This quilt arose when I was sorting through a box of plain fabrics and came across four fat quarters in various greens and blues and lots of yellow scraps. The back is a print called shanty town by Brandon Mably. I’ve been wanting to use it for a while but it had seemed too dark for a lot of projects; however, I think it complements the yellow binding well.
I made this quilt some years ago as a ruby anniversary present for my in-laws. It mainly consists of French General fabrics and some beautiful Lecien prints from when I first started quilting. I hadn’t seen the quilt since the anniversary, so it was a nice surprise to receive a picture of it in its new home.
The starting point for this quilt was about 40 rectangles of Kaffe Fassett’s woven stripes fabric. By cutting and recombining the striped pattern you can make striking designs.
The blocks in this quilt are made from half-square triangles, but you can combine the fabric further to make more complicated patterns.
I was at my parents’ house today and came across one of the first quilts I made, from over a decade ago. It has faded a lot and is very badly machine quilted, but it was nice to see it again.
This quilt is based on the pattern ‘Dryslwyn Dreams’ by Susan Briscoe which appears in Issue 1 of Today’s Quilter. Briscoe based her pattern on an antique Welsh coverlet.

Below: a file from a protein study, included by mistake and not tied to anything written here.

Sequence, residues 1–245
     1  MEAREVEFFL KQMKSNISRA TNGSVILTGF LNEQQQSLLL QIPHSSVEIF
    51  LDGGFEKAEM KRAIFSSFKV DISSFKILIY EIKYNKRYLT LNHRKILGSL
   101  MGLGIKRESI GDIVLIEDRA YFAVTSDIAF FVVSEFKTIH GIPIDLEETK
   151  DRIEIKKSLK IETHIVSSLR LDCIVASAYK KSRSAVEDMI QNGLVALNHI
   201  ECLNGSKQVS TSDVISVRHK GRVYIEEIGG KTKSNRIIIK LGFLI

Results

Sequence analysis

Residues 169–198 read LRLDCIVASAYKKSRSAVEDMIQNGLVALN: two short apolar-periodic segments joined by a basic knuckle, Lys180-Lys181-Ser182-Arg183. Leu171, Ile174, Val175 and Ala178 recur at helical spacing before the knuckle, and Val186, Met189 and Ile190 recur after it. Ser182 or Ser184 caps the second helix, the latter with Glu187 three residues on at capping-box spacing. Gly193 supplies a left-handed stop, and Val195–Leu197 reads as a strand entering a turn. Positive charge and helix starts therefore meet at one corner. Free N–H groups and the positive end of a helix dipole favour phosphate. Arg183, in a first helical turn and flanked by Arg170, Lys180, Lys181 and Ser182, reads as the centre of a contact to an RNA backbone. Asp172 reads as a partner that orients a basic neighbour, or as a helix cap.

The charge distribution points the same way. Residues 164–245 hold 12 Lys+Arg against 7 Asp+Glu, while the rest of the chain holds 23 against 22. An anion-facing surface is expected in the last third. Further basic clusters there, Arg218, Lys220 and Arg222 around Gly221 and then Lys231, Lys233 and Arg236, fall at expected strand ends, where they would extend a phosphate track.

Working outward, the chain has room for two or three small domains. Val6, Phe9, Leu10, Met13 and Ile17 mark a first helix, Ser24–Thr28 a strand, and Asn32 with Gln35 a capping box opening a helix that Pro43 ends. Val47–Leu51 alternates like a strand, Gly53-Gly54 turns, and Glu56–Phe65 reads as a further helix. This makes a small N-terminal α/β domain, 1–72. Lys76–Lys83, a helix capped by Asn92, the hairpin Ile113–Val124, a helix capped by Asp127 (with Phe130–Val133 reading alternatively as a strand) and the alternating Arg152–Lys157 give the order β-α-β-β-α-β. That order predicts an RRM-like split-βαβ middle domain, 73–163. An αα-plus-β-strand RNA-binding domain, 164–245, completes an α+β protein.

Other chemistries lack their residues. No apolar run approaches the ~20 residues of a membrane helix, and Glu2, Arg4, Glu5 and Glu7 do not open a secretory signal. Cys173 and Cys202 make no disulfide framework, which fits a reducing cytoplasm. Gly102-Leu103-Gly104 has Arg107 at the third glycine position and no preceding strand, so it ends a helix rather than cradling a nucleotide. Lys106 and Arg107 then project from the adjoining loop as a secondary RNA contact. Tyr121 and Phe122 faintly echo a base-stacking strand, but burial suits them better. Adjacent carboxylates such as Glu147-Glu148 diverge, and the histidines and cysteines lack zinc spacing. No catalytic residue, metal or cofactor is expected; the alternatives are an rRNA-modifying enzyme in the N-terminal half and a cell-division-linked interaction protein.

The fabric is from various Kaffe Fassett collections from about ten years ago, which my mum had bought for a project which never got made. These aren’t usually the sort of colours or prints that I go for, but I thought the Briscoe design, which I’d been wanting to make for a while might work.
Miraculously,the prints worked with the design and I had just enough fabric to finish the quilt. I think it looks really good. The backing is cream flannel and because I managed to baste it well, the quilting was very enjoyable.
After I had made a few rounds of the quilt, I realized that the centre square would look so much better if it had the same rotational symmetry as the rest of the quilt, so I unpicked it and replaced it with a four-patch. I’m glad I made the effort as it’s a massive improvement.
This quilt is adapted from a much larger blue and white quilt in Kaffe Fassett’s Quilts in Italy. I love it and can see myself returning to this pattern often.
Last year, wanting the calming effect of mindless sewing, I made some patches from Liberty fabric.
I had originally bought the pink fabric to back a previous project, but no matter how much I tried to warm to it, I couldn’t face it appearing in another quilt. So I unpicked the pink squares and replaced them with another blue print.
I tried out lots of variations of the patches but none of them worked, so in the end I separated the dark grey from the light grey squares.
I’m particularly pleased with the flatness of the seams, achieved by unpicking a few threads where the points of the squares and triangles met and then pressing so they lay in alternate directions.
I really love the backing fabric used in this quilt. The print is called Tom Daley who I had assumed was the original designer, but it turns out that it is indeed named after the diver.